But I think we will miss the 11 December deadline in the treaty, we will have retaliation and we will be sued by China. Our own lawyers say we will enter an illegal situation on 11 December and the Commission has not presented any proposal to change that.
But the Commission must respect the legal framework of fair competition.
After 11 December, we will be the ones breaking the law, not China. Before then, the EU can use the current evaluation method, which makes it possible to find dumping wherever you want.
Maybe the law itself is flawed but in the case of solar panels I would question if the Commission has followed the legislation which asks for an ‘interests of the Union’ test.
This is a test to see if it is in the wider interests of the EU not to continue with trade defence measures. Do the measures on Chinese solar products fail that test?
27% of EU solar producers filed a complaint with the Commission saying they were hurt by Chinese dumping but there is another side to that coin. What about the climate targets? What about the downstream users? 80% of the value of solar panels is created downstream – this really sits badly.
In this case, it is hard to see how it could possibly be in the Union interest to strike down on renewables and make them more expensive.
The European Commission decided in 2013 to impose punitive import duties on solar panels from China in a move to guard against what it sees as dumping of cheap goods in Europe.
Chinese solar panel production quadrupled between 2009 and 2011 to more than the entire global demand.
EU producers say Chinese companies have captured more than 80% of the European market from almost zero a few years ago, exporting €21 billion to the European Union in 2011.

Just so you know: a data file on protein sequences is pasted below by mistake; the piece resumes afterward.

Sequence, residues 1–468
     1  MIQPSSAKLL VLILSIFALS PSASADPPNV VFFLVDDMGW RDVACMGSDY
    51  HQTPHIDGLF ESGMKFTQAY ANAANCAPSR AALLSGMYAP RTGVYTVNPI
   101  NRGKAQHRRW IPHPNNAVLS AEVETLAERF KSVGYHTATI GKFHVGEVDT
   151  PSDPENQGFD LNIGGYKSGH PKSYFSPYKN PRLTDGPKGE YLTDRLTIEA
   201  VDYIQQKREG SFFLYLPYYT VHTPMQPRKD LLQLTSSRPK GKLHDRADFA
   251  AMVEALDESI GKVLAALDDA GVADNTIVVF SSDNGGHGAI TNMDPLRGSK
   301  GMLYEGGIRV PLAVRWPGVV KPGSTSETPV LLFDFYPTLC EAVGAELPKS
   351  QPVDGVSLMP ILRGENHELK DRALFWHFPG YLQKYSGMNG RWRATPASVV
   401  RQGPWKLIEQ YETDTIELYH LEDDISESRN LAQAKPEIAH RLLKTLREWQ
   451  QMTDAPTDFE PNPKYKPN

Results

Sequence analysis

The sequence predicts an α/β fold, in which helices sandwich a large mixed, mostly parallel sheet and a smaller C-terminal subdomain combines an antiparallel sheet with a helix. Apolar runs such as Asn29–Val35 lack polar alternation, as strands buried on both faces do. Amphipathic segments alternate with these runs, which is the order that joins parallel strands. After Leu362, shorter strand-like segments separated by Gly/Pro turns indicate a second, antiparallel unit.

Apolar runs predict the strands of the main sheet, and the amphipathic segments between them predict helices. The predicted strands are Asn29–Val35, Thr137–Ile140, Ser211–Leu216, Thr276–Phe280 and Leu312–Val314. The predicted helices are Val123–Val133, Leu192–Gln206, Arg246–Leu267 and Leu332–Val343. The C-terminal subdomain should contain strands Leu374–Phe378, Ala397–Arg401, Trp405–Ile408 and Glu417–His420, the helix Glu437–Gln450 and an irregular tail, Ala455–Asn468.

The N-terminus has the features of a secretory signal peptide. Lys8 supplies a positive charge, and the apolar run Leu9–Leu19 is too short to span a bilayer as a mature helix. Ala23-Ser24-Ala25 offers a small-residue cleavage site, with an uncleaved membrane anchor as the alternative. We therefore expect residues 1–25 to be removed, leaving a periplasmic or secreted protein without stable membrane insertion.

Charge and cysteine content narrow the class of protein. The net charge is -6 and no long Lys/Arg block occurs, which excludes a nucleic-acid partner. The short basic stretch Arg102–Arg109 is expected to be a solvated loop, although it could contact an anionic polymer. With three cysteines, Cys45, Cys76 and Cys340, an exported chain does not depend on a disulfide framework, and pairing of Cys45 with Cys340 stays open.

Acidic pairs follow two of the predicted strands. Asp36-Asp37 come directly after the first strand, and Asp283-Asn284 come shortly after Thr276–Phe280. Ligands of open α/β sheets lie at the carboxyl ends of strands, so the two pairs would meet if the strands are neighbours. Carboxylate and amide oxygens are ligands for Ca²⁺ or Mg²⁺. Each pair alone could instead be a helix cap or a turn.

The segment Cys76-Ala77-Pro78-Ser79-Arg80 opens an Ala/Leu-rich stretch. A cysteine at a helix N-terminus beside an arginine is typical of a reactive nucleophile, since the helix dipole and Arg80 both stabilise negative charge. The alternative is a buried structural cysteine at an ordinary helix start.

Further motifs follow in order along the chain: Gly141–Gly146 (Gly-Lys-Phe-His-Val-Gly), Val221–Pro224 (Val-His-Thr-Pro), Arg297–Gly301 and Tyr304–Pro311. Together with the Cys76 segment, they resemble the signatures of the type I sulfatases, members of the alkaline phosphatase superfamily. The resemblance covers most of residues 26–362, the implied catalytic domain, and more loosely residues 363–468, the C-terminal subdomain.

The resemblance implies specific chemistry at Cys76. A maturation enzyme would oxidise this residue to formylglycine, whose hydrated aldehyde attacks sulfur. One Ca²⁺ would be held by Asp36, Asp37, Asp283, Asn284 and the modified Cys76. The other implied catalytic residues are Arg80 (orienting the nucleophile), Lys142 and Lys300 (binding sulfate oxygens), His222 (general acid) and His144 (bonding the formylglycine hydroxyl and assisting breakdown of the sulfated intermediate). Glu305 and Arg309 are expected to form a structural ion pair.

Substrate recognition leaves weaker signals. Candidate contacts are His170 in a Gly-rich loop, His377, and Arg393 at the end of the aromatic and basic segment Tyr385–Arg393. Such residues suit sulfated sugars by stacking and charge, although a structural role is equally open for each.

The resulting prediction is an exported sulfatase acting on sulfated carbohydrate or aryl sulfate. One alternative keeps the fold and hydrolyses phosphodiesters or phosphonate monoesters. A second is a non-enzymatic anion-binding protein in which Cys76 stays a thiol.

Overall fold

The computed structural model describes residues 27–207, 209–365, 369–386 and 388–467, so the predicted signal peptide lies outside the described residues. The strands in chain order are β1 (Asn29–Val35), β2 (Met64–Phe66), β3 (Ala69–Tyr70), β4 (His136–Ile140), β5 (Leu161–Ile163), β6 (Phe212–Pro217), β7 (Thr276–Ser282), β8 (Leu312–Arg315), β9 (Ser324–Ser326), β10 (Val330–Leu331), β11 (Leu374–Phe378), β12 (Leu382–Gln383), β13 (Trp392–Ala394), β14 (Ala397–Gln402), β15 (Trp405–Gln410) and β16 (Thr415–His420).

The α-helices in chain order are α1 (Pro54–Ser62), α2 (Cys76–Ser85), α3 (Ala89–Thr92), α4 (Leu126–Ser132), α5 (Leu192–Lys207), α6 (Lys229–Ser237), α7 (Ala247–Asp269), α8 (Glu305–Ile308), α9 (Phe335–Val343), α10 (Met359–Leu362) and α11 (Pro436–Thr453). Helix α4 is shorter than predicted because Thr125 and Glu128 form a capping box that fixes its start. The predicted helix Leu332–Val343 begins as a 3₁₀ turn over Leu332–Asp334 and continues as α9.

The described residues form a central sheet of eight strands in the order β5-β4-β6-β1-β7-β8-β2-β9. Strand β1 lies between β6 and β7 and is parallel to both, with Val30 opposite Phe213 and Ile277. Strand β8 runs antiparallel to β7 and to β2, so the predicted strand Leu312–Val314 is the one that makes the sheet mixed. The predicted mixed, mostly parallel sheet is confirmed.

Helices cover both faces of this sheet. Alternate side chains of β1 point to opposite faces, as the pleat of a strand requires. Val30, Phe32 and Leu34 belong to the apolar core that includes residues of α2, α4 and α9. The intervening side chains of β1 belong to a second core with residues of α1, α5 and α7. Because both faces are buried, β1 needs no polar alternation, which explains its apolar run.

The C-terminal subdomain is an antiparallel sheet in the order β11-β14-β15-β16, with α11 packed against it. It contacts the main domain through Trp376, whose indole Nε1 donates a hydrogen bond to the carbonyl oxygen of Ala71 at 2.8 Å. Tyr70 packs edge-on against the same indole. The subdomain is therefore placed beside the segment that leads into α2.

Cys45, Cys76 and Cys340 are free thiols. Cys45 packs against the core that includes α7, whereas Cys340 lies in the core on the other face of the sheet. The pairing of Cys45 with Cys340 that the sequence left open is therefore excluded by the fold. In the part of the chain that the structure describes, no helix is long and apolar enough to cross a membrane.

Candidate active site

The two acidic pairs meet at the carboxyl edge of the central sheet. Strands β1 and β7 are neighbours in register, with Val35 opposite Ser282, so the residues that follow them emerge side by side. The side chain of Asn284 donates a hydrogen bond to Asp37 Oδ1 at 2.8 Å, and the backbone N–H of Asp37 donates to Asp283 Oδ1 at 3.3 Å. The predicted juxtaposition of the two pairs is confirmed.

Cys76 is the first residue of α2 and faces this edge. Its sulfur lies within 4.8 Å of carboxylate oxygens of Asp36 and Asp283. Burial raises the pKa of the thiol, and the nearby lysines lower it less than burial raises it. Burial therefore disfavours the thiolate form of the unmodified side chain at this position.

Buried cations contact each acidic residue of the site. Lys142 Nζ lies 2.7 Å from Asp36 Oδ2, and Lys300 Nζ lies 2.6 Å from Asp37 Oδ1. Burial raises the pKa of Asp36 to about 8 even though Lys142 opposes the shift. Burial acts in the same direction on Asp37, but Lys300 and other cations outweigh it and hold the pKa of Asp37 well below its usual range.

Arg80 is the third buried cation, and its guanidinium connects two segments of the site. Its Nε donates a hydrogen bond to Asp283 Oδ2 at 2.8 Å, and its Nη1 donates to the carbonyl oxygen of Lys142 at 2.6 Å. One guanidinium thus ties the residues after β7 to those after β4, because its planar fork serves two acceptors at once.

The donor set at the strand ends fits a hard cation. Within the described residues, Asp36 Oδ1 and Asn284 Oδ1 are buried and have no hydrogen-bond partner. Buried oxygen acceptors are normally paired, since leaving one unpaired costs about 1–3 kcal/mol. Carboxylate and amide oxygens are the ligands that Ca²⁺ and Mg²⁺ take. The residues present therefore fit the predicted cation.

As a result, Chinese-made panels are as much as 45% cheaper than those made in Europe, industry executives say.
Marking an escalation of the dispute, China hit back a few months later by launching a probe into the EU wine sector.
While some European and US manufacturers would welcome EU action, installers and prospective purchasers of solar technology are concerned that such a move will drive up the cost of solar panels, leading to a slowdown in the deployment of the technology and job losses across the industry.
Germany's then-Federal Minister of Economics and Technology, Philipp Rösler, said the European Commission made a "grave mistake" by agreeing to duties on solar panels from China and urged the Commission to work to prevent the eruption of a trade conflict.
Brussels and Beijing finally reached an "amicable solution" in July 2013, agreeing to a minimum price for solar panel imports.
Some angry European solar panel makers blasted the deal as "unacceptable and completely against European interests,” vowing to take their case to the European Court of Justice.